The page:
ART FOR CHANGE: Transformative learning and youth empowerment in a changing climate

In an article published in Elementa: Science of the Anthropocene, Julia Bentz and Karen O'Brien explore the role of art as a driver for societal transformation in a changing climate and consider how an experiment with change can facilitate reflection on relationships between individual change and systems change.

Journal logo: Elementa

Abstract

Young people represent a powerful force for social change, and they have an important role to play in climate change responses. However, empowering young people to be “systems changers” is not straightforward. It is particularly challenging within educational systems that prioritize instrumental learning over critical thinking and creative actions. History has shown that by creating novel spaces for reflexivity and experimentation, the arts have played a role in shifting mindsets and opening up new political horizons. In this paper, we explore the role of art as a driver for societal transformation in a changing climate and consider how an experiment with change can facilitate reflection on relationships between individual change and systems change. Following a review of the literature on transformations, transformative learning and the role of art, we describe an experiment with change carried out with students at an Art High School in Lisbon, Portugal, which involved choosing one sustainable behavior and adopting it for 30 days. A transformative program encouraged regular reflection and group discussions. During the experiment, students started developing an art project about his or her experience with change. The results show that a transformative learning approach that engages students with art can support critical thinking and climate change awareness, new perspectives and a sense of empowerment. Experiential, arts-based approaches also have the potential to create direct and indirect effects beyond the involved participants. We conclude that climate-related art projects can serve as more than a form of science communication. They represent a process of opening up imaginative spaces where audiences can move more freely and reconsider the role of humans as responsible beings with agency and a stake in sustainability transformations.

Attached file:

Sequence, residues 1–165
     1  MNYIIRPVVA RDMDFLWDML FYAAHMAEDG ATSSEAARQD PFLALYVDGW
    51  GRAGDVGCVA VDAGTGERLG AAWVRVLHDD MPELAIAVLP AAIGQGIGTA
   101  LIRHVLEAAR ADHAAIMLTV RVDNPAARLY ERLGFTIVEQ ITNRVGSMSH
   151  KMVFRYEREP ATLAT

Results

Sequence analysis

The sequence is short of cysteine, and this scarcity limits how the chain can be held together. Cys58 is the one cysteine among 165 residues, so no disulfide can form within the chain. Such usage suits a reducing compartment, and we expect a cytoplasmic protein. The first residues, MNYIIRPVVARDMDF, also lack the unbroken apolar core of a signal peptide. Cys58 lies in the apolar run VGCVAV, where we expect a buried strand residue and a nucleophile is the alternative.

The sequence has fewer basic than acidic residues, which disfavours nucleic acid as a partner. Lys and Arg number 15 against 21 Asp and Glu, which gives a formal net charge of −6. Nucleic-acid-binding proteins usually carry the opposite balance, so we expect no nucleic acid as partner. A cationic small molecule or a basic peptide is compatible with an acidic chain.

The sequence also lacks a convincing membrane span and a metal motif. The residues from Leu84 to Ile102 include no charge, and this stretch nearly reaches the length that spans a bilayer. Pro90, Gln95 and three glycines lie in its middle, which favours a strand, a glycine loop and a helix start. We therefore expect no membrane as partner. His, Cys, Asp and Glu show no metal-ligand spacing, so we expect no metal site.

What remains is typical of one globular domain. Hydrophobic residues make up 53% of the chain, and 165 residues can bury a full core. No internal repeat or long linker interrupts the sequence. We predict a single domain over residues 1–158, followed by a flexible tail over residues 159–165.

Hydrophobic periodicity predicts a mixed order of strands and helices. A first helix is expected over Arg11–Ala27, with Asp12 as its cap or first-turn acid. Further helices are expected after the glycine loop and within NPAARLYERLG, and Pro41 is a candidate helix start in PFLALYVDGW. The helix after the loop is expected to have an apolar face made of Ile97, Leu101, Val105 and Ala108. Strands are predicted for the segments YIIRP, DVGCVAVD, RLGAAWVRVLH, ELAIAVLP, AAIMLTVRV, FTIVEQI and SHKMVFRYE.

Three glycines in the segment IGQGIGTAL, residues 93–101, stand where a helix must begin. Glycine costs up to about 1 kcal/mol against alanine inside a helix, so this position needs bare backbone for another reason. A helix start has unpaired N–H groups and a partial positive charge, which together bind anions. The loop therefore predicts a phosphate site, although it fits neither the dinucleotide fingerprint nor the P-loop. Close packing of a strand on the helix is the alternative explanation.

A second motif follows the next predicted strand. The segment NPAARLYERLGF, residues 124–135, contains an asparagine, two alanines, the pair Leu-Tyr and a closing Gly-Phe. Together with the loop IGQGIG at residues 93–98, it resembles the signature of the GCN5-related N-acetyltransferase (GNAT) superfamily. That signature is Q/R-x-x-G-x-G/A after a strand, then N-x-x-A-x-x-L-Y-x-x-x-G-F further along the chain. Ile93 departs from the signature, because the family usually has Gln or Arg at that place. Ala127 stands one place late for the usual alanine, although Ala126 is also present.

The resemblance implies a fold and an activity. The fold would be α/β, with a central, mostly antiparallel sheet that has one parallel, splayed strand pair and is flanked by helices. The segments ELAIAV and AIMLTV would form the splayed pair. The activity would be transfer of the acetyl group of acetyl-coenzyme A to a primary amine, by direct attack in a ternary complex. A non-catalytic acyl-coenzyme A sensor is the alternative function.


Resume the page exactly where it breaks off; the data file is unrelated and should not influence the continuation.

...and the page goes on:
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Published Jan. 2, 2020 10:51 AM - Last modified Jan. 2, 2020 10:51 AM